The Pioneers only lost once after that to Turner Ashby before reeling off another nine-game winning streak that was capped by a thrilling 59-58 win over Woodgrove in the Conference 21 semifinals on Feb. 20. Millbrook trailed by 14 at the half and by eight with less than a minute remaining, but Joneisha Cain’s 3-pointer with 2.6 seconds lifted the Pioneers to the victory and clinched a regional berth.
“Another game that stands out for me would probably be the Woodgrove game,” said Cook, who scored 16 points to join sophomore teammate Lauren Reed (21 points) as the only Pioneers in double figures. “It was just a game where we had intensity and we were down by [14 points] after the first half. We just came out determined because we knew if we lost it was going to be our last game.”
One of Cook’s games — a 15-point, 14-rebound performance in a 52-45 win over James Wood on Feb. 6 — stands out for Barr because of how much she focused on rebounding this season.
“She had a double-double with like 14 rebounds and midway through the season she really started stepping up and taking control of rebounding,” said Barr of Cook, who had 131 defensive rebounds and 81 offensive. “We had Liz [McDonald], but besides Liz we didn’t have many people who were going to get on the boards. She took the challenge and stepped up to be the girl to get the other rebounds and it didn’t hurt her scoring which was impressive.”
Cook’s rebounding ability also helped her get to the free-throw line, where she shot 72 percent with a team-high 167 attempts and a team-best 120 made free throws.
Cook began working on her basketball skills when she played in youth leagues and credited her success to all of the great coaches and mentors she’s had along the way during her basketball career, especially her first coach — her father Chris — who coached the Hokies in the Shenandoah County youth league when she first started playing basketball.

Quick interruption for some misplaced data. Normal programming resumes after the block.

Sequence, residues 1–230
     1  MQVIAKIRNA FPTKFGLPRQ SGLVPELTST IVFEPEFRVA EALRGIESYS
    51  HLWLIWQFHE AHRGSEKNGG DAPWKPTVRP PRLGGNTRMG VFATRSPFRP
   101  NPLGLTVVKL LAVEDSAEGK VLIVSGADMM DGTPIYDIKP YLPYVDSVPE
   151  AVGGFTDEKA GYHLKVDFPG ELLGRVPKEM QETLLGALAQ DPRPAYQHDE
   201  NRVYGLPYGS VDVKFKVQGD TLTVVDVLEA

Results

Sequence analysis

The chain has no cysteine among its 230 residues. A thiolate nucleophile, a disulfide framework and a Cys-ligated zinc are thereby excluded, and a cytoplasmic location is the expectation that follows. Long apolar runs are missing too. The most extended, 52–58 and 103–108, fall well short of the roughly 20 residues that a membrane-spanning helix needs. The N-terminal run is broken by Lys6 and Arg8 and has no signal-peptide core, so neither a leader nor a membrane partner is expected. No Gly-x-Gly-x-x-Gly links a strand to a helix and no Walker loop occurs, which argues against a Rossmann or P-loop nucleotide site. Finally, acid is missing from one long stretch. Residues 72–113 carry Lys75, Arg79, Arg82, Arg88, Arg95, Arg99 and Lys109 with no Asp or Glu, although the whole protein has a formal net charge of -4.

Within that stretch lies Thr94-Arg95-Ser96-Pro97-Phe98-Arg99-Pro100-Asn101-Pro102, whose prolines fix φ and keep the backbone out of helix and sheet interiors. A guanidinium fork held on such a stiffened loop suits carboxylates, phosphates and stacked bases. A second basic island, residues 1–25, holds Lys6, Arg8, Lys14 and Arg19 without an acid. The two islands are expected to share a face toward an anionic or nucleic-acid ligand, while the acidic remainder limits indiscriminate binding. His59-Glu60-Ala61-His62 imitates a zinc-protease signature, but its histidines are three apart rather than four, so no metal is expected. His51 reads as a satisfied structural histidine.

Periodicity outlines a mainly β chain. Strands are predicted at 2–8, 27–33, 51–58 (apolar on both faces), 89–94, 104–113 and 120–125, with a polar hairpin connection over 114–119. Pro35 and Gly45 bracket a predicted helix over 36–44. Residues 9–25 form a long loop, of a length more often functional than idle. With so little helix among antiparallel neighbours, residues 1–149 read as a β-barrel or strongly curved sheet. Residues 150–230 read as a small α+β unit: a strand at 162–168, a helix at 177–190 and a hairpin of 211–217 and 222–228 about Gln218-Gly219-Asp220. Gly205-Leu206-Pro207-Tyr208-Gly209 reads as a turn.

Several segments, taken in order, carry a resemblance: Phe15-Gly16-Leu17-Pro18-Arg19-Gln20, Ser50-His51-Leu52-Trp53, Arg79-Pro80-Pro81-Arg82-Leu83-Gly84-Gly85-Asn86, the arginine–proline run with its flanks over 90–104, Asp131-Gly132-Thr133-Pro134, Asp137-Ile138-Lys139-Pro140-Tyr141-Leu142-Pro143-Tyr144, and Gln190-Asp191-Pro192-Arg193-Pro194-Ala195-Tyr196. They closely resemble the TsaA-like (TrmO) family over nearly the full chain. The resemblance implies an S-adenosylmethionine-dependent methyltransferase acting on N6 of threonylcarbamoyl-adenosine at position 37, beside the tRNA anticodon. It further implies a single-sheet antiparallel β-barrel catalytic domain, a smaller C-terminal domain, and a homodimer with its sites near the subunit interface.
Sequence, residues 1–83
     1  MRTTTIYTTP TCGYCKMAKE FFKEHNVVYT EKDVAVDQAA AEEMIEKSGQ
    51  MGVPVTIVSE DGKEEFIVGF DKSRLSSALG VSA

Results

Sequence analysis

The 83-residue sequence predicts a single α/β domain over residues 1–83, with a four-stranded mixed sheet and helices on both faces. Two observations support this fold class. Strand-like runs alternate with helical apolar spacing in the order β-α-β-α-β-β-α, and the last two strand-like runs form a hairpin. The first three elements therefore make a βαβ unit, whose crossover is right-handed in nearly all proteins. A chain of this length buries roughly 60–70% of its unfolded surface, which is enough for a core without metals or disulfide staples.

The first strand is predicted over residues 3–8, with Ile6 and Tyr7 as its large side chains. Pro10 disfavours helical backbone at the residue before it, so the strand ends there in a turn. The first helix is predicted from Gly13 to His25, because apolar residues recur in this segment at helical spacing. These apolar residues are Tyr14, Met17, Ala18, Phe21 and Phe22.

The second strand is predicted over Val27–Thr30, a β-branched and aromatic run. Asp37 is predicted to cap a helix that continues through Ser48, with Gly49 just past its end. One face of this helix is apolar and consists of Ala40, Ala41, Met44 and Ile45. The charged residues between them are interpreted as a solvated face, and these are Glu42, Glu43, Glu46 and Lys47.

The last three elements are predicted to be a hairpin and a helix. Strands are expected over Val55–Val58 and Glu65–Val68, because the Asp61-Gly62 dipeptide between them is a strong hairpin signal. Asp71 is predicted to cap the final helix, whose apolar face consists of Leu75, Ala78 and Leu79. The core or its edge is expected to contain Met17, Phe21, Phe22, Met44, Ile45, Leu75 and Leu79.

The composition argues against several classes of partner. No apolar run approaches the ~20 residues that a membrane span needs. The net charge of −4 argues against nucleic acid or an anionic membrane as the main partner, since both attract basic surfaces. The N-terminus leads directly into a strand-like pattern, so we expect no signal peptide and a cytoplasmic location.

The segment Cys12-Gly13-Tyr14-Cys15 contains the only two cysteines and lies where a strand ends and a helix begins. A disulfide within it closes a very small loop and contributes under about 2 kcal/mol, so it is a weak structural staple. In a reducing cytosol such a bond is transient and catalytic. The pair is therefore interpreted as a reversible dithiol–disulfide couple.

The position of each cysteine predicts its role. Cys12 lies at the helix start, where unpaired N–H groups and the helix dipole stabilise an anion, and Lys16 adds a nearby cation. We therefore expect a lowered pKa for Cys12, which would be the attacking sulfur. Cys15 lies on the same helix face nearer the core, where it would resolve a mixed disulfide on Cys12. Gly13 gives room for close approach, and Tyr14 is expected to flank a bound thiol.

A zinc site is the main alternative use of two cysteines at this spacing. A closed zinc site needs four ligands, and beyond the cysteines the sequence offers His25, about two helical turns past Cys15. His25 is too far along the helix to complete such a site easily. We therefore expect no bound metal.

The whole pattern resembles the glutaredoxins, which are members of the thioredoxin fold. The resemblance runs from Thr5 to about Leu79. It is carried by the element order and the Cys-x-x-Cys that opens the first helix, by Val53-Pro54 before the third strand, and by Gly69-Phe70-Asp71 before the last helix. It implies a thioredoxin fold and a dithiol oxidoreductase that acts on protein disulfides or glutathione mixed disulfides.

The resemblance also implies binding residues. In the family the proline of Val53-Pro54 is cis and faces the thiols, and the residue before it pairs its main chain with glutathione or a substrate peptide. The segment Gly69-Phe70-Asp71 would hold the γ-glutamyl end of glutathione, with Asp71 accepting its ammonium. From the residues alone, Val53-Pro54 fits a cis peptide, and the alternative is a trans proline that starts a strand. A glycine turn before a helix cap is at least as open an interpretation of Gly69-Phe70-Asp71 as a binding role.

“My parents [Chris and Ronda Cook] have been really awesome,” Cook said. “Just my dad being my coach and my mom supporting me in everything. I also want to thank coach [Debby] Sanders, coach Barr, as well as coach Erick Green Sr. — he’s worked with me since middle school and always had my best interest in mind — and Bill Harris [of the AAU Rising Stars] who mentored me throughout. They’ve been big supporters of me.”
Cook will play basketball at Marymount in Arlington next season, and she said she’s looking forward to the challenge of playing in college at the Division-III level.
“Being able to play at the collegiate level is an honor for me,” Cook said. “I need to work on my quickness. At the college level, everyone is there because they’re a good player, so I need to work on my quickness and defense. The speed of the game is much quicker, so I do need to work on that.”
Barr said he thinks Cook will be an asset on and off the court for Marymount.
“I think she’ll fit into Marymount well,” Barr said. “I think she’ll be able to go in and give them good minutes. Who doesn’t want a player who can shoot 39 to 40 percent from 3-point range and still get you rebounds? She’s such a mature girl and that’s a bonus to have with a freshman coming in.”
— Contact Robert Stocks at firstname.lastname@example.org